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I have the following data for 200 cases/subjects:

  • time to death over a 15 year period, $t$. A datum with a value of 180 months means that the subject did not die over the 15 year period.
  • the frequency of three particular types of event associated with each subject $a_{i}$, $b_{i}$ and $c_{i}$,

Apart from the obvious survival statistics and KM curves, how can I test the association between $t$ and each of $a_{i}$, $b_{i}$ and $c_{i}$. I am hypothesizing that a profile of $t$ will be distinct for each of $a_{i}$, $b_{i}$ and $c_{i}$.

One way I was thinking of testing this hypothesis was to simply do Pearson's correlation between $t$ and each of $a_{i}$, $b_{i}$ and $c_{i}$. I could then visualize this with a scatter plot of $t$ vs each of $a_{i}$, $b_{i}$ and $c_{i}$. Any suggestions on a more sophisticated analysis including variations of KM analysis? Code examples with R appreciated.

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  • $\begingroup$ Do the events of type $a$,$b$,$c$ occur before the start of the follow-up period, or during it? In the latter case I think you would need their exact timing. $\endgroup$
    – Aniko
    Jun 3, 2012 at 16:07
  • $\begingroup$ @Aniko all events have been counted before the follow-up period. $\endgroup$ Jun 3, 2012 at 16:22

2 Answers 2

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Here is a good way to start in R.

library(survival)
# Assume your survival data is in the vector time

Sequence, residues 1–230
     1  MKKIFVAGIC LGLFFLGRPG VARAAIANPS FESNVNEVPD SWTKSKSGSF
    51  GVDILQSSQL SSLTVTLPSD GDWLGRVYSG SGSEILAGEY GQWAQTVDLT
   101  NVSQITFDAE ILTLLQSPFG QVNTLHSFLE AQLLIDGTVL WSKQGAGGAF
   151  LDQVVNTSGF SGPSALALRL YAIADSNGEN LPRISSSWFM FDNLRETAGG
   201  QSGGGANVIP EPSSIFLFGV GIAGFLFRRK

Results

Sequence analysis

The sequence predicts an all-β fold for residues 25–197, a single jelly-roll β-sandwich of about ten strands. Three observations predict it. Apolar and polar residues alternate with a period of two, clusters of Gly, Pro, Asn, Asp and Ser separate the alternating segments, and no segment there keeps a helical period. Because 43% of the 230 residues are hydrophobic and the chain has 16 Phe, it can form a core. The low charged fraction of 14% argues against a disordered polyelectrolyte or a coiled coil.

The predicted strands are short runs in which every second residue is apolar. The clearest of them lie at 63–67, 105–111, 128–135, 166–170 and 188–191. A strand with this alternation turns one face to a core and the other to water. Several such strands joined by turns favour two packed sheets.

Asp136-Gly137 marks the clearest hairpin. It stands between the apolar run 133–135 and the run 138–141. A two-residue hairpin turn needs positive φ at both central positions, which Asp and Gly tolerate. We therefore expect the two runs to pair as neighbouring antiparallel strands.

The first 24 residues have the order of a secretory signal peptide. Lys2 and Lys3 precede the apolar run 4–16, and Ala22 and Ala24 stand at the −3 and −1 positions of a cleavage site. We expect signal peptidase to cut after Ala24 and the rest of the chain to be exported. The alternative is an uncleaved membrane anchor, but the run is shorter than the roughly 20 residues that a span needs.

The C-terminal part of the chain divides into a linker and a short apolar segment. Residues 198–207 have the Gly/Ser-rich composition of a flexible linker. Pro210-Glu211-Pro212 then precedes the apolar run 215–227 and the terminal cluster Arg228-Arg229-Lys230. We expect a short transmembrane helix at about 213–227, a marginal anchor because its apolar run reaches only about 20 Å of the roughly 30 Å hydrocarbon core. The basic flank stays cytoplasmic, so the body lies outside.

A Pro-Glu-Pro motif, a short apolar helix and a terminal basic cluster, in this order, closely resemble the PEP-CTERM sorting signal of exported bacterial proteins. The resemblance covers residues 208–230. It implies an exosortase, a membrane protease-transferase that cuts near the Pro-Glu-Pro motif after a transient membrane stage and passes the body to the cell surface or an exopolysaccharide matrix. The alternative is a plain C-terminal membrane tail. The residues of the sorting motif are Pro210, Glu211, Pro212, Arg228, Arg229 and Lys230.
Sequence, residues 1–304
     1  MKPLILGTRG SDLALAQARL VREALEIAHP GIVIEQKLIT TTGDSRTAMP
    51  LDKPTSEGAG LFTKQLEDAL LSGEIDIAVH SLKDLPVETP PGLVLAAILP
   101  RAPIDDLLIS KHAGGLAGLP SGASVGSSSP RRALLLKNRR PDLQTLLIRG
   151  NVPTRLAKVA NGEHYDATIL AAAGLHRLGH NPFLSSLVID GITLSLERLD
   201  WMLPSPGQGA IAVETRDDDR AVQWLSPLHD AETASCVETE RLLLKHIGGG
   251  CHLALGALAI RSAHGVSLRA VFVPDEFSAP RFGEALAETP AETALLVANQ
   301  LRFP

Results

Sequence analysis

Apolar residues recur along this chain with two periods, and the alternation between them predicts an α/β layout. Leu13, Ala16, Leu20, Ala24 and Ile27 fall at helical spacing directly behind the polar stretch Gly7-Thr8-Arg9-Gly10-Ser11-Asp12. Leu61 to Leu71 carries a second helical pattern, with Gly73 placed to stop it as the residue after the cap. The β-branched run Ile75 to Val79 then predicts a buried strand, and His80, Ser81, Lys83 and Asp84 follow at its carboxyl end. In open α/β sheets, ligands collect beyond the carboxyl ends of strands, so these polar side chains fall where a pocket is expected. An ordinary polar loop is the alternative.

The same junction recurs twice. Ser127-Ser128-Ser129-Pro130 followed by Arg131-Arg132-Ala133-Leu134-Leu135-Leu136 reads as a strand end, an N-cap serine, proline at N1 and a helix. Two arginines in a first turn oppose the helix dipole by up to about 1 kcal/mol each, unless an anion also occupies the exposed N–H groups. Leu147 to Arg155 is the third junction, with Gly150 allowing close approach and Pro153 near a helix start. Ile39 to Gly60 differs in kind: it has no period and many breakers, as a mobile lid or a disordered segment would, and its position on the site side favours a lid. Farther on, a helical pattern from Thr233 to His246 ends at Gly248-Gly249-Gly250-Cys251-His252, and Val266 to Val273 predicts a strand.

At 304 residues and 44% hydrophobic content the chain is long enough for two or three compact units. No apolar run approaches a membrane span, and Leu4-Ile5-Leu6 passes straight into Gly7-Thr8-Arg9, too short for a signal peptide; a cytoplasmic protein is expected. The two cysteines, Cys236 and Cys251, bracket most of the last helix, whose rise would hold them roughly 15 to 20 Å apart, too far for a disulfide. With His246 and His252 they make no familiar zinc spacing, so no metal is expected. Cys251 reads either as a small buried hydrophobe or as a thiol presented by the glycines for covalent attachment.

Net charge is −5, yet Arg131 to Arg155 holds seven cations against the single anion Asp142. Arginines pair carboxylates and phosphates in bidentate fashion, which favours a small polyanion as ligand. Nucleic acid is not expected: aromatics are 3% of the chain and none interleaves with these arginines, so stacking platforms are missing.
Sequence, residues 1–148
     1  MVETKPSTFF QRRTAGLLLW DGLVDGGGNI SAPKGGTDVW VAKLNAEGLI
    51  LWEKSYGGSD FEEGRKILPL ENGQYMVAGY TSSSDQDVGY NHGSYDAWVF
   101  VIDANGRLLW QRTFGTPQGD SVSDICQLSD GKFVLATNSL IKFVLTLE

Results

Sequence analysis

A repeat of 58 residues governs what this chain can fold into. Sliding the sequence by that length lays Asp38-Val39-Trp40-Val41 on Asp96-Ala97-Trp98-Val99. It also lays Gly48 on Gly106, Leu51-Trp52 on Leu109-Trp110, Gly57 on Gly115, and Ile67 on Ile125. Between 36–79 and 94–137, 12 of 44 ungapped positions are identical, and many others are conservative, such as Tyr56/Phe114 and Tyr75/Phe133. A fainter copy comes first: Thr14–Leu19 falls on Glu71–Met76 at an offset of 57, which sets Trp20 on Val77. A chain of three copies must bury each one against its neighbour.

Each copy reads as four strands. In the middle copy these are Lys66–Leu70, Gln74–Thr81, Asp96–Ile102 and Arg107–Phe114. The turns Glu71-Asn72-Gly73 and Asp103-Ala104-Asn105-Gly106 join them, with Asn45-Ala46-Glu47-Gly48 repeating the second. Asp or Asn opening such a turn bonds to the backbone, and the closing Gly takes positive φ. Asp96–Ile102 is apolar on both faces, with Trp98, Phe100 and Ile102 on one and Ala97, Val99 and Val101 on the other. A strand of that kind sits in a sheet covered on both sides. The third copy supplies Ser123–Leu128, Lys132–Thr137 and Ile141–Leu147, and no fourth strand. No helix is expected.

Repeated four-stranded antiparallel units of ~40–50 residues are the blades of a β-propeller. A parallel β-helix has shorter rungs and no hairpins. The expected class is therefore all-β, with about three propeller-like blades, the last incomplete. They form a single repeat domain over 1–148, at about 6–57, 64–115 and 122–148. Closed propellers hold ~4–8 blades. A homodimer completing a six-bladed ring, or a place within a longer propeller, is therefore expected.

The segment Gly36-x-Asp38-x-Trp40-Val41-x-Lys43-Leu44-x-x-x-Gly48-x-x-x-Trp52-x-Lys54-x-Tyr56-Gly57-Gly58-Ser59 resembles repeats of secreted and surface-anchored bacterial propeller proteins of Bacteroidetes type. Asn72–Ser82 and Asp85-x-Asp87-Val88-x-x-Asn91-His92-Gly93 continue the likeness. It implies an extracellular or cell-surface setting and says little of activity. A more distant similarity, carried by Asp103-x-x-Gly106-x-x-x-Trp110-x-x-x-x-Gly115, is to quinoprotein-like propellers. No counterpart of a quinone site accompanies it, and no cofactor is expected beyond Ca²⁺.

surv_time <- Surv(time, time < 180)

With that you can do the popular Cox Proportional Hazard model

# a, b, and c are the vectors with frequency data.
summary(coxph(surv_time ~ a+b+c))

You will get a complete test of the effect of your 3 variables on the survival. The Cox PH model is

$$ \lambda(t|X) = \lambda(t)\exp(X\beta) $$

where $\lambda(t|X)$ is the hazard function, interpreting as the chance of dying at time $t$, and $X$ is a set of measures on the individual. What the model says is that this hazard function can be anything (not necessary exponentially decreasing), but that increase/decrease of the variables in $X$ will increase/decrase the hazard in a proportional way. Variables significant in the test above will tend to multiply or divide the hazard a lot.

For a very didactic introduction to this (and many other) topic, I recommend Frank Harrell's Regression Modeling Strategies.

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  • $\begingroup$ Thanks but I suppose I'm looking for something that is alternative to or extends Cox PH $\endgroup$ Jun 3, 2012 at 16:30
  • $\begingroup$ Why so? Anything wrong with Cox PH, or you are looking for complementary alternatives? $\endgroup$
    – gui11aume
    Jun 3, 2012 at 16:38
  • $\begingroup$ Looking for complementary alternatives. $\endgroup$ Jun 3, 2012 at 19:26
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Why not treat this as a competing risks model? The three types of event could be looked at as different outcomes. There is literature on this going back to the 1970s. A lot of recent work has been done by Jason Fine of UNC and Robert Gray. You can look for the Fine-Gray model. The cumulative incidence function is the generalization of Kaplan-Meier to competing risks.

Here is a link for a presentation that give background and other information. http://www.stata.com/meeting/australia09/aunz09_gutierrez.pdf

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